“Don’t just aspire to make a living, aspire to make a difference,” said Tomiwa Aroyehun. The program and project management master’s candidate is applying his passion for planning to help students through an otherwise confusing process — moving to a new country. After securing an on-campus job at the Office of International Affairs, Tomiwa got involved with several other projects. As a student success facilitator for Model (T)ransitions, he helps students by providing academic, personal and professional support while connecting students to the university’s resources and services. If you ask what his plans are post-graduation, he wants to earn a doctoral degree and continue his passion of service. In fact, Aroyehun plans to fulfill his life-long dream of starting a non-profit in his home country, Nigeria.
Tomiwa, in his own words
On why he’s given back. “One of my favorite quotes by Gandhi is ‘Be the change you want to see in the world,’ and that's basically what I try to implement on myself and on others because I feel like if change starts from yourself, you know, you need to be able to change yourself before you can be able to change people. Being a resource, because of the experience, because of the challenges I went through, I understand what most International students go through in terms of employment opportunities. I may not be able to solve all of your problems but having someone there for you, to let you know what to do, what you shouldn’t do, and the do’s and don’ts gives me great joy. To see the joy in people’s faces when you do things like this keeps me going. It has been a massive success for me and everyone else as well.”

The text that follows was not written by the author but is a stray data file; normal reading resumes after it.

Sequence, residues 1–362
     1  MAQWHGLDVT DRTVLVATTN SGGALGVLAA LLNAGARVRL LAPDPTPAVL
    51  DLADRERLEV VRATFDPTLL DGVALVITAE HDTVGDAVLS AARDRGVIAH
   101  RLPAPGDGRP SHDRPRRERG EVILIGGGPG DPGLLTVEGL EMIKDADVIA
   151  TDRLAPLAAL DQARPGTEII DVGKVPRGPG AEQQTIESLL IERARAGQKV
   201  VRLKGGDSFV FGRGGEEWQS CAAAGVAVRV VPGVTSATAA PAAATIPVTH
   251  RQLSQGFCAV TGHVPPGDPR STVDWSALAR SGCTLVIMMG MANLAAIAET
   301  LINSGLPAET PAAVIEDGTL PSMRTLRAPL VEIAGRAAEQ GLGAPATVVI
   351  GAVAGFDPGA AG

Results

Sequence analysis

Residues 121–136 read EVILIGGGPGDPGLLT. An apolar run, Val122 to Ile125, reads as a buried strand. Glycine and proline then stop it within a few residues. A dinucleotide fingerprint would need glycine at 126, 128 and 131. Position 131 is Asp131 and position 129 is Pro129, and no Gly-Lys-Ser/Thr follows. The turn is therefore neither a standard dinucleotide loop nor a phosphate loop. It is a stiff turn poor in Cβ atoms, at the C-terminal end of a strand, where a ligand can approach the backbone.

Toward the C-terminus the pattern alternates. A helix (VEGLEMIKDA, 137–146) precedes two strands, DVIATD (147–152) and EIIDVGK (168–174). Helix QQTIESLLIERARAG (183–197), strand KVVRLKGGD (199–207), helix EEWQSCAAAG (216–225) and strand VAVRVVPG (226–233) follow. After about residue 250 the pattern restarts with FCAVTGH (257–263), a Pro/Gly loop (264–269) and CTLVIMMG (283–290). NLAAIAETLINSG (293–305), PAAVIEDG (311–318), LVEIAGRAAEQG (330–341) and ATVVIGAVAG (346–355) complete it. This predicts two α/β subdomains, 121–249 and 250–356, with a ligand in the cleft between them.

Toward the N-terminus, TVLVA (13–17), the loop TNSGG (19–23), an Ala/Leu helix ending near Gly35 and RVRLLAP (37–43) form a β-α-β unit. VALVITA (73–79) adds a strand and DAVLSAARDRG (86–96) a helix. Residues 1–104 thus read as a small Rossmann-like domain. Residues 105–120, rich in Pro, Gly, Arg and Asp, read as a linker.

On why it’s important to be involved on campus. “Being involved on campus for me has been a great deal because when I first started getting involved on campus, my second semester, I got a job in the Office of International Affairs and decided to join the Graduate Student International Organization where I became an active member. Through the process, I got promoted to being mentorship chair. Based on my experience coming to America, it was a very eye-opening experience for me because I actually didn't know anyone, so I went through challenges of not knowing anyone. Finding someone to pull me through was really difficult and I figured, ‘What is a way to help other people coming [to the United States] like me that had no idea on what to do,’ and from that, we started the International Student Mentorship Program, where we connect mentors with current students. It is an initiative I’m actually heading right now and we've been doing great. Aside from that, we also do professional workshops such as LinkedIn sessions, helping people with their CVs and resumes; this is in partnership with Graduate Studies and the Office of International Affairs.”
On why he was selected to be a UM-Dearborn Difference Maker. “I think I was selected to be a Difference Maker because of my experience and journey to the University of Michigan-Dearborn — which has been an inspiring one from the beginning, right from the growth stage, to the maturity stage and moving on to the final stage. I think I've been able to develop myself and make an impact in myself as well as the life of others and the community around me to adjust.”